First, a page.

PDA

View Full Version : Moving up the scale of mountains



MechAeroE
03-18-2009, 11:00 PM
As I am sure this is true with many others here, but my goal is to eventually work my way up to the big mountains such as Denali. I am an Eagle Scout and have been very familiar with the outdoors for most of my life with a great deal of winter experience. I feel like I have been hiking smaller mountains all of my life (3500' and below), even though I just recently soloed Washington. My goal for this summer is to complete the 48 4ker's and possibly some other peaks in the surrounding area.
What are normally the best mountains to work towards after Washington? I have heard many summiting Kilimanjaro early in their climbing careers, but I am not sure if this is the best "big" mountain to start on.

I guess I am just trying to refocus my near goals after climbing Washington. Any advice?

Thanks!

Bill O
03-19-2009, 07:37 AM
Other than altitude Kilimanjaro doesn't have much in common with Denali. It's really just a walk up. Still a great mountain that I highly recommend, but its more hiking than mountaineering.

You should keep hiking in the east, but for Denali training you should head out to Washington for experience. You need the glaciers and the endurance aspect those mountains provide.

Winter camping in the east would also be helpful.

TrishandAlex
03-19-2009, 08:11 AM
Great thread! I've been thinking the same thing. If Alex is interested (when she's older), I'd love to take her out west and I personally would LOVE to do Kiliminjaro. After all necessary training, of course.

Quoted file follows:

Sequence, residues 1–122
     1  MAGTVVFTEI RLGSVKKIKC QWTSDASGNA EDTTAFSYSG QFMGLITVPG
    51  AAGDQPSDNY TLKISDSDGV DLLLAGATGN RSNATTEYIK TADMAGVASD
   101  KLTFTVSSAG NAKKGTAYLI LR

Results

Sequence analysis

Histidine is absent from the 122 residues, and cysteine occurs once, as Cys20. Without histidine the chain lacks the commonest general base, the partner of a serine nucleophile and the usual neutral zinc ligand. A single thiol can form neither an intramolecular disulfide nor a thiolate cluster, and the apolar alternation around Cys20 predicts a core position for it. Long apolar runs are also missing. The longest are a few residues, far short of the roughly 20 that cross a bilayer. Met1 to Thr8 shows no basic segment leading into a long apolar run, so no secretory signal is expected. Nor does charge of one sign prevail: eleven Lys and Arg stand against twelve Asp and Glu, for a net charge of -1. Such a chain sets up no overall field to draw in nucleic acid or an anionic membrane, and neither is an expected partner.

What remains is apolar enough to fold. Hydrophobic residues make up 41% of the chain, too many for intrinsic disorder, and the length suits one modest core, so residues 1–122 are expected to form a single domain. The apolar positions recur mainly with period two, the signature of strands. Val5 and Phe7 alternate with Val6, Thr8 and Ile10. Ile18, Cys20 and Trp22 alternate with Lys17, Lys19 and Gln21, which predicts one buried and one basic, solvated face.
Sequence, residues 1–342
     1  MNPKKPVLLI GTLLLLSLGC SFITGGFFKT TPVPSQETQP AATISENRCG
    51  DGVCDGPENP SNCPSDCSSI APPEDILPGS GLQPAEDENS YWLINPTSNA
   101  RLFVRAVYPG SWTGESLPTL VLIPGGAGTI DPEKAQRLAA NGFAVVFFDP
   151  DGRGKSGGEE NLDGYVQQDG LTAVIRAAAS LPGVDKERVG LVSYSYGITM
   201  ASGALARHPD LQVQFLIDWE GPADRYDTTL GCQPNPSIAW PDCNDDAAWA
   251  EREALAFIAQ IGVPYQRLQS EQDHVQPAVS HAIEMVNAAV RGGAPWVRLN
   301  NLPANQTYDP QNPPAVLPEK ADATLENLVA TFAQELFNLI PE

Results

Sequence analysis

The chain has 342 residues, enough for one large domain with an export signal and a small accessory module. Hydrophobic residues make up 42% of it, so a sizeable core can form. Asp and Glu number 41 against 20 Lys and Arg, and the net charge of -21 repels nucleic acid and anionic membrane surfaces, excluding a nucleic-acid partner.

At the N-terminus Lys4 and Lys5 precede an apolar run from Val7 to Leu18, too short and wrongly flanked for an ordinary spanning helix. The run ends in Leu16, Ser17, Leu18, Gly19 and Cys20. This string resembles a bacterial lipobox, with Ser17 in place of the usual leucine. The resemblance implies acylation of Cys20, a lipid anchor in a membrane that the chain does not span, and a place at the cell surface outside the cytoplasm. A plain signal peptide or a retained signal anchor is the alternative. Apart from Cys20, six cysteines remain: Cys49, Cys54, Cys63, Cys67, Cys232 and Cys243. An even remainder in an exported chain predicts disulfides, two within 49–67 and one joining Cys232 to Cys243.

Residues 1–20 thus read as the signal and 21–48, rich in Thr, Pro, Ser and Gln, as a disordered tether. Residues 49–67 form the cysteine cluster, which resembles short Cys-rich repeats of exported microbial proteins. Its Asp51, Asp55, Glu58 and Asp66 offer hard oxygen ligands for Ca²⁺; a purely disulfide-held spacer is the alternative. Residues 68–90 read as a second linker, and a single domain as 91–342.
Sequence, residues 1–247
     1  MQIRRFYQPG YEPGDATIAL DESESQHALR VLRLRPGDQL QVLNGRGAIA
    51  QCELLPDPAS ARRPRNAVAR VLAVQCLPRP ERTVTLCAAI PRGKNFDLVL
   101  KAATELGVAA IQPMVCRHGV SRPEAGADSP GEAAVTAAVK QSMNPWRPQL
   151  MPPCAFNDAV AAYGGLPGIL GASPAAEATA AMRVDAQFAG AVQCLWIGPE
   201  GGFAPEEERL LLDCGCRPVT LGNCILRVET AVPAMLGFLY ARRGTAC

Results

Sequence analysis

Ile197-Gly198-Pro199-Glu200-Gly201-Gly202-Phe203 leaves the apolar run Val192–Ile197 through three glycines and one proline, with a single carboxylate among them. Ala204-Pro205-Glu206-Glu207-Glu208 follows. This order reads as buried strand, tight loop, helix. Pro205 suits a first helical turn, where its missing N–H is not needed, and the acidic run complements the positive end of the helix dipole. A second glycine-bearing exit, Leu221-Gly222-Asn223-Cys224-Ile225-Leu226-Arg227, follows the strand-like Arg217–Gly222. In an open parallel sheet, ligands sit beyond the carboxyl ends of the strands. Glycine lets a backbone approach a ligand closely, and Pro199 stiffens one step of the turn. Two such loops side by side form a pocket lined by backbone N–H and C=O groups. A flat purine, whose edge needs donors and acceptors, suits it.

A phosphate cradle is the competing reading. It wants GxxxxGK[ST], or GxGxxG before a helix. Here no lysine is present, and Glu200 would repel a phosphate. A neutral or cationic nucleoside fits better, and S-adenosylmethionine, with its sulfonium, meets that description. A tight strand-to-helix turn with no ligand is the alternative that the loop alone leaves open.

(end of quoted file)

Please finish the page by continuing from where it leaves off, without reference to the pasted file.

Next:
MelNino
03-19-2009, 08:47 AM
Ha, evertime I read about mountianeering (rereading 'No Shortcuts to the Top'....need more books) I get the urge to start training to do more than a hike up.

Then reality sets in, and I realize I need more smaller mountains to add to my short lis first :) Anyone up for Katahdin? :D

Patrad Fischroy
03-19-2009, 08:52 AM
Hey, there is a list of about 54 peaks here in Colorado that they say can be somewhat challenging (as well as a bunch more under 14K that I prefer)

Brad
03-19-2009, 09:01 AM
Mel,

Katahdin is a great mountain to do. The Knife Edge is really cool - in good weather please. When I was in college I was co-trip leader for a girls' camp in Maine one summer. They did not have much of a trip program and I was to improve it. We ended up doing the Knife Edge with the older girls and they loved it. Such a beautiful place.

climbabout
03-19-2009, 09:26 AM
I can relate my experiences after Mount Washington.

Being cautious and methodical, I did not progress from Mount Washington until I had a couple of dozen winter summits under my belt - some on guided trips earlier on and some on my own.
I supplemented that training and experience with some rock climbing lessons and several days of ice climbing instruction over several winters. Learning some rudimentary rock and ice climbing skills has helped me immensely on steep terrain on other mountains I have climbed. I never intended to lead climb rock or ice, but rather felt the need for a higher comfort level in exposed situations.
If it's within your means, hire a guide service such as IME or EMS right in North Conway - you can start with a basic ice lesson on an easy route such as Arethusa Falls or Cinema Gully and when you feel comfortable, there are some great alpine climbs in Huntington ravine - Pinnacle and Damnation come to mind as well as shoestring gully in Crawford Notch. The skills learned on these climbs - front pointing, french technique, international technique, 1 and 2 tool axe technique, belaying, basic knots etc are things that you need to learn to tackle more committing climbs.